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Rising star Rachel Galvo on TikTok, comedy and dating

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by Edaein OConnell
03rd Jun 2024

Rachel Galvo is a rising star not only on social media but in the comedy world too - here she chats with Édaein O' Connell about all things TikTok and discusses why dating is so different in London than in her native Dublin.

When I told my friends I was interviewing rising TikTok star Rachel Galvo, the reaction was the same every single time. 

“OH MY GOD I LOVE HER,” they told me in varying volume levels, but always with the same heightened enthusiasm. 

You see, Rachel is something of a social media enigma. With over 31,000 followers and counting on the video-sharing app, her humour and honesty have won her a legion of already devoted fans. From hilarious day-in-the-life vlogs to open conversations around loneliness and dating, she has blended the two to create an online home where you can have a laugh and feel seen too.

Alongside her online exploits, Rachel is a writer, actor and comedian and will soon begin touring her one-woman show The Shite Feminist later this summer. Her first performances will see her take the stage at the Edinburgh Fringe Festival and then premier it in her hometown of Dublin and then London, her adopted abode. 

Regularly travelling between the two cities, Rachel is a busy woman and a comedic artist on the rise. However, when you meet her in person, you joyfully realise that she is, in fact, just one of the gals. 

“I think there’s something really scary about calling myself a comedian,” she tells me. “Because then it’s like ‘Oh well then, tell us a joke’ or like you’re kind of assuming that people are going to laugh and sometimes people don’t. I have done a lot of interviews recently and one of the questions that kept coming up was ‘when did you realise you were funny?’ and I’m like I didn’t, I haven’t realised I’m funny.”

Her followers on TikTok would beg to differ and Rachel says coming home now has become a slightly more bizarre experience. A growing platform means more eyes now flicker with recognition and it’s a reality she is trying to accept. “Most of my followers would be in Dublin and Ireland,” she explains. “I don’t have a big following by any means in comparison to the bigger guns but people will stop me in the street now when I’m home.”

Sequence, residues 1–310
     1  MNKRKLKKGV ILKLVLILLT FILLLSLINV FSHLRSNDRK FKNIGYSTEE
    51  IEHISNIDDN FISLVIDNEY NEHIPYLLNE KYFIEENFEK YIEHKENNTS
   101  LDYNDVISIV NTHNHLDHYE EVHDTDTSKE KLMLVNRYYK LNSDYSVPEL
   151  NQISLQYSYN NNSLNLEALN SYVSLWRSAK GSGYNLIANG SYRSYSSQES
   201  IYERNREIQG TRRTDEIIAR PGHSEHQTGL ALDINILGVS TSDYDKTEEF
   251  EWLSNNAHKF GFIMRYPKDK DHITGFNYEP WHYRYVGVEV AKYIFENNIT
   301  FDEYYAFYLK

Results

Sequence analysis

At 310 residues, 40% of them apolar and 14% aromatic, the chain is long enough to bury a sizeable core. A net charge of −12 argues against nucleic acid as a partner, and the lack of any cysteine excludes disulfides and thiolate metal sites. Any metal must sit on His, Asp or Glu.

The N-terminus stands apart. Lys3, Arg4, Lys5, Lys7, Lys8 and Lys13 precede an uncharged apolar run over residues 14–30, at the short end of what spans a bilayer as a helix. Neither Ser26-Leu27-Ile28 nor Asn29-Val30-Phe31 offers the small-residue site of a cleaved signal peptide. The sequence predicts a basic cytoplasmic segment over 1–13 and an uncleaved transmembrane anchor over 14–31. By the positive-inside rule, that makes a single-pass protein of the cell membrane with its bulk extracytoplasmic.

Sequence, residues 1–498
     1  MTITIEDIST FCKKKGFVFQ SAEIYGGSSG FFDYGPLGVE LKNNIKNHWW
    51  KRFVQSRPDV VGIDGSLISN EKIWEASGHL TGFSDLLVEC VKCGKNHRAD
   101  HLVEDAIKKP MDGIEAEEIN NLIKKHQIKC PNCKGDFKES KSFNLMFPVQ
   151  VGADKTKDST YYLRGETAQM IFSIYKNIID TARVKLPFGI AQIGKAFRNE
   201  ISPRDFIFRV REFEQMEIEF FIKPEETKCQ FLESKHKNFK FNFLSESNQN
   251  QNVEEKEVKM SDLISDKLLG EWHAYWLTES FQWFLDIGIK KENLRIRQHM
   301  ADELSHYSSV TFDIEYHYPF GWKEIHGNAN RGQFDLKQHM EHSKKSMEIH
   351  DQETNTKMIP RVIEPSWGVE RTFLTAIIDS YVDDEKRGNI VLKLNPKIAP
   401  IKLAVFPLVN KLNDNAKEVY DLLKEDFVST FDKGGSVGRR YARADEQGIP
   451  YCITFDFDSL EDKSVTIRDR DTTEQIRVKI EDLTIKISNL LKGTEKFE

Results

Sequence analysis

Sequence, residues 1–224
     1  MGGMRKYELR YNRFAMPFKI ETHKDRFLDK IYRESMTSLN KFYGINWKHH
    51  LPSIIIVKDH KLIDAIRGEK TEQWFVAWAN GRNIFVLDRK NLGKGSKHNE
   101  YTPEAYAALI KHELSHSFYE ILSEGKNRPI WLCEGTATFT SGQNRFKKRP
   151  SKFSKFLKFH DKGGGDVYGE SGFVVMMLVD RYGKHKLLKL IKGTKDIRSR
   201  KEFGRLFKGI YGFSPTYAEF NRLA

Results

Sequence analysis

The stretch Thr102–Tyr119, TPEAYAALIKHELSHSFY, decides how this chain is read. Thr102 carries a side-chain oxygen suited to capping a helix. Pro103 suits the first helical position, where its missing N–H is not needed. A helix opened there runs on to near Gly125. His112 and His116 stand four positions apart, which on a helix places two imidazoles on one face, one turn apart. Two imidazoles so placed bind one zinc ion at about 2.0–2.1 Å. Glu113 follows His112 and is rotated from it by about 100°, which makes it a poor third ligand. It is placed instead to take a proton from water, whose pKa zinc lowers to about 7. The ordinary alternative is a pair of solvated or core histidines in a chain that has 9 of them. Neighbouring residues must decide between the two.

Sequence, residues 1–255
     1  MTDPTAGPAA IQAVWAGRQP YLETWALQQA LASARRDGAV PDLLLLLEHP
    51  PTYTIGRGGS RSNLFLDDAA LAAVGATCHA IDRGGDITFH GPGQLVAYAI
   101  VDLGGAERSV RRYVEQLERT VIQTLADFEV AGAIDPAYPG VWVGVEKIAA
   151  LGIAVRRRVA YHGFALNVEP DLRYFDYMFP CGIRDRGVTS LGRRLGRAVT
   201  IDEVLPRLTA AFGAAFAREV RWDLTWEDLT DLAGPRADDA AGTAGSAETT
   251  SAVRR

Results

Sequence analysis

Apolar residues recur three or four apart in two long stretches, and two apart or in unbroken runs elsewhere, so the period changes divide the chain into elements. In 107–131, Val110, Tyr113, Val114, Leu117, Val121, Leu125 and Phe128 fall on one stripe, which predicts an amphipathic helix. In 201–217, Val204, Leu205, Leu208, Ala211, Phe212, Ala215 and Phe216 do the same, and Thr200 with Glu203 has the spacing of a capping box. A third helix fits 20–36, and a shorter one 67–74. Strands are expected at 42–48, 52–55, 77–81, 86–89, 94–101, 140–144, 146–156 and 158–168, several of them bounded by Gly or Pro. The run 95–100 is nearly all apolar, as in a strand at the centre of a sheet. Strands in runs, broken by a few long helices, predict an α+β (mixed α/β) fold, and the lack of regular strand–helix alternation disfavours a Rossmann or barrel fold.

Remaining authentic is important for Rachel. She admits she spent most of her teenage years pretending to be someone else and has made a very conscious choice not to do that anymore. “I recognised what was working pretty fast [online] and I just clung onto that and jumped on the bandwagon” she notes. “And what was working was authenticity and being sincere. What Irish people hate is being sincere but sometimes someone needs to say what everyone is thinking. I’ve always been a person who has been authentic and it always pains me to try to be someone else.”

Much of Rachel’s inspiration and content comes from real life and The Shite Feminist is no different. “It’s such an uninspiring story which kills me,” she jokes. “So, I was in drama school and it was a master’s course which means we had to write a thesis and we had to write a show to accompany it. I was forced to write this show and I didn’t think it would go beyond my drama teachers.”

In her thesis, Rachel explored how humour can be used as a “catalyst” in social movements, specifically the feminist movement. “Then to accompany it, I did a comedy show talking about my upbringing and if I were to look back have I been an incredibly shite feminist and I’ve come to the conclusion looking back on my life that I haven’t been the best feminist. 

“I’ve changed myself for boyfriends or I have changed myself to fit in with other girls or I’ve dumbed down my humour or my intelligence. I have slotted myself into this idea of the perfect woman. It’s a comedy and there are comments on society and the patriarchy and I know everyone hates to talk about that but it’s the truth!”

Having sold out all her Dublin shows in less than a minute, Rachel hopes The Shite Feminist can grow from a one-woman show into a full-scale Fleabag-style production. 

“I want to write a TV show,” she adds. “It’s definitely going to be based on The Shite Feminist. I’d love to write a Normal People, Fleabag, Derry Girls show about a Dublin girl who moves to London with the whole Trinity cohort where they are all going into their finance jobs and she’s trying to do acting. Obviously, not my own life, very far removed.”

With humour on her side, we have no doubt she will succeed. 

One of the gals has certainly done good. 

Watch Édaein’s interview with Rachel in full below. 

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